The Hysterosalpingogram (HSG) is an X-ray based procedure which is usually done in the department of radiology by a radiologist.
The person is placed on an X-ray table. The cervix is visualized by placing a speculum. The cervix is cleansed and grasped. A metal tube is place in the cervix and radio-opaque fluid is flushed through the uterus and fallopian tubes. If the tubes are open, the dye will spill into the abdomen.
The test can be painful and there is a slight chance of either infection or an allergic reaction to the dye. The value of the test lies in the ability of the test to determine abnormal pathology. If there are abnormal structures in the cavity of the uterus they will show on the X-ray.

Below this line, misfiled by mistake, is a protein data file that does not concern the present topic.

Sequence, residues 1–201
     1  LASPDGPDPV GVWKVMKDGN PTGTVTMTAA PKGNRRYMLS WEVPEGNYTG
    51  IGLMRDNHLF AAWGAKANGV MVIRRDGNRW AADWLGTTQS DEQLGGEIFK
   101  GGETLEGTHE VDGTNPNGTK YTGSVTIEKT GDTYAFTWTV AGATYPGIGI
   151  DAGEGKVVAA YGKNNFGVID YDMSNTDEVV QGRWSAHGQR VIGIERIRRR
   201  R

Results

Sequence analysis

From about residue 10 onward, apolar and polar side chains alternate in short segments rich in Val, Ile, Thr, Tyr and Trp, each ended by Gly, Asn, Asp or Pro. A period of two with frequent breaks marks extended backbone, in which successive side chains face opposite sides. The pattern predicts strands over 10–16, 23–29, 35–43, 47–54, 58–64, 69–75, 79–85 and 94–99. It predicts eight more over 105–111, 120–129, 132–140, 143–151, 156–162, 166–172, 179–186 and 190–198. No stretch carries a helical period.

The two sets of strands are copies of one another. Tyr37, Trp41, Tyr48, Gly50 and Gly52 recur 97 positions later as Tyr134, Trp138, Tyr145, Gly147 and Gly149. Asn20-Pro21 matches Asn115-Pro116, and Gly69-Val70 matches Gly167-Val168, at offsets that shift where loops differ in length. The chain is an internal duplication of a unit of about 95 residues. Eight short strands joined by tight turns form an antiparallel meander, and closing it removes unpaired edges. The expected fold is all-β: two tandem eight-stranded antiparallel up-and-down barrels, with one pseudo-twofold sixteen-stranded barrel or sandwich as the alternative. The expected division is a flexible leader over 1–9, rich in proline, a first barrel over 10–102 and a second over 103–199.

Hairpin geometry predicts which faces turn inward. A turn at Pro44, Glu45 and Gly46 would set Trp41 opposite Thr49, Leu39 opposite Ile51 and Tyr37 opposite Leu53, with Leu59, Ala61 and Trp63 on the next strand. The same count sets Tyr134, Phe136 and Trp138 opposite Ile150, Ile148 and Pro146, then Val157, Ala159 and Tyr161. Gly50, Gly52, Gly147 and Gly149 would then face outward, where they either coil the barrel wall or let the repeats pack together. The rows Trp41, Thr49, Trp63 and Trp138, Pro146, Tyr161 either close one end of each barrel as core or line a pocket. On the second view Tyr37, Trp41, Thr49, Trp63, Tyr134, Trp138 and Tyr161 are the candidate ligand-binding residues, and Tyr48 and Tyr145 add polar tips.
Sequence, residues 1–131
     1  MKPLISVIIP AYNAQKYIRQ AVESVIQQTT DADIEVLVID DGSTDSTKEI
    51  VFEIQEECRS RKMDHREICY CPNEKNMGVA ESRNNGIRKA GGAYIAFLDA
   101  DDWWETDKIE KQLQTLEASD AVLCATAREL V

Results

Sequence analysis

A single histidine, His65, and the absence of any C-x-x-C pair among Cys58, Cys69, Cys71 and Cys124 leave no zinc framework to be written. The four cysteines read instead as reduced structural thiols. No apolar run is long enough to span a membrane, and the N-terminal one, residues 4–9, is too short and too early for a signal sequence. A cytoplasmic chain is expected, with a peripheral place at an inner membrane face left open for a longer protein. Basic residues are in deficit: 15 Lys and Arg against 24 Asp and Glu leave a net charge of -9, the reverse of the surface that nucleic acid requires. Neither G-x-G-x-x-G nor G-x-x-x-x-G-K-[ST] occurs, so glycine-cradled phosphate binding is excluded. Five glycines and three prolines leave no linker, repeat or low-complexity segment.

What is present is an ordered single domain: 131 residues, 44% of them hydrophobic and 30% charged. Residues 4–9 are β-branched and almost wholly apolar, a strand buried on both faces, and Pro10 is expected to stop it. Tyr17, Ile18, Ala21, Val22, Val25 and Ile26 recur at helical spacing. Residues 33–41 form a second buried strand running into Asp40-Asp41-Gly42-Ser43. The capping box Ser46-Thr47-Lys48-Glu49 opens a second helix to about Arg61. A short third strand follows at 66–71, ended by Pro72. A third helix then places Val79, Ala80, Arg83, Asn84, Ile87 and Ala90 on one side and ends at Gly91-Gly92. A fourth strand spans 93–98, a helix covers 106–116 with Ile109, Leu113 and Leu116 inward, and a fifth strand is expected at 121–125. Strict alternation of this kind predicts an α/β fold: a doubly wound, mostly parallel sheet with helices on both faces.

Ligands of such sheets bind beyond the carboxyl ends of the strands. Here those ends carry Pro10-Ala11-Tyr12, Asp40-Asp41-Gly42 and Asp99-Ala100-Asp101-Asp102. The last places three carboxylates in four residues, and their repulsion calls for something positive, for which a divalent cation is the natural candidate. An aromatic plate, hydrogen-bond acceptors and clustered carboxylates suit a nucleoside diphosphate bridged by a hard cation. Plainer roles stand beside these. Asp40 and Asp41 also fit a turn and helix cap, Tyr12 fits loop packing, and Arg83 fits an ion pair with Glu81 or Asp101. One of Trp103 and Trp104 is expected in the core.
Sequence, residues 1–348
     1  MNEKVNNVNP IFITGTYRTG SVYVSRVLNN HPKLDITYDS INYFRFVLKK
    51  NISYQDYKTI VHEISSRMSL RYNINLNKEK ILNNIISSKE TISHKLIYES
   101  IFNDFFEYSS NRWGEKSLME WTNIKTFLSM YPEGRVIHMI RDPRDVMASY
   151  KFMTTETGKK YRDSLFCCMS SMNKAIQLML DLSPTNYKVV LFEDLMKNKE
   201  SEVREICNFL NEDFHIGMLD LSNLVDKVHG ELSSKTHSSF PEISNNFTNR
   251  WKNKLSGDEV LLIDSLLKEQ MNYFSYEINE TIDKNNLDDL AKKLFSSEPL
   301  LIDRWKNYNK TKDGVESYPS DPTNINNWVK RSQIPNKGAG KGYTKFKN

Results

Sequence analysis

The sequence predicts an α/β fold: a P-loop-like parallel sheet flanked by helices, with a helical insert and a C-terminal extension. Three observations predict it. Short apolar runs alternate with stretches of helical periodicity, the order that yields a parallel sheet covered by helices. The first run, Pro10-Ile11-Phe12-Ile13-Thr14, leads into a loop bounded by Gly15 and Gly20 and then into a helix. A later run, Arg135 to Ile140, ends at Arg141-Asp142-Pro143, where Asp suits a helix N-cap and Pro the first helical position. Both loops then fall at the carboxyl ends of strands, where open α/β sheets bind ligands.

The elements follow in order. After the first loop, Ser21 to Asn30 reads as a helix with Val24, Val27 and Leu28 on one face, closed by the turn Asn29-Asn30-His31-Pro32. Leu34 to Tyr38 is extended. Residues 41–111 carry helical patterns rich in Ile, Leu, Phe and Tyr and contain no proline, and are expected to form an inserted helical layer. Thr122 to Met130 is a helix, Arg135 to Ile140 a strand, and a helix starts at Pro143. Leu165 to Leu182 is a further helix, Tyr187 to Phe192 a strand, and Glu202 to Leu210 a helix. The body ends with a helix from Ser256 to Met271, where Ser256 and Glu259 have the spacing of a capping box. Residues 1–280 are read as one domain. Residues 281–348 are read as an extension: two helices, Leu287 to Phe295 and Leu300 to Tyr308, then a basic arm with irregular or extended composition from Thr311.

The test is accurate in determining if the fallopian tubes are open. However, the test is far less accurate if it says the tubes are blocked. If the test says the tubes are blocked, the accuracy is only 40-50 %, meaning half the time the test suggested the tubes are abnormal when in fact the anatomy is normal.
Furthermore, commonly the test will say one tube is blocked just as the tube leaves the uterus, called a proximal, unilateral obstruction. Unless there is other evidence for an anatomic problem, this finding does not suggest a reduction in fertility rates.
Before the introduction of ultrasonography, the course of action was to do a HSG and if normal, follow that with a diagnostic laparoscopy. Today, that course has been replaced with the use of ultrasonography.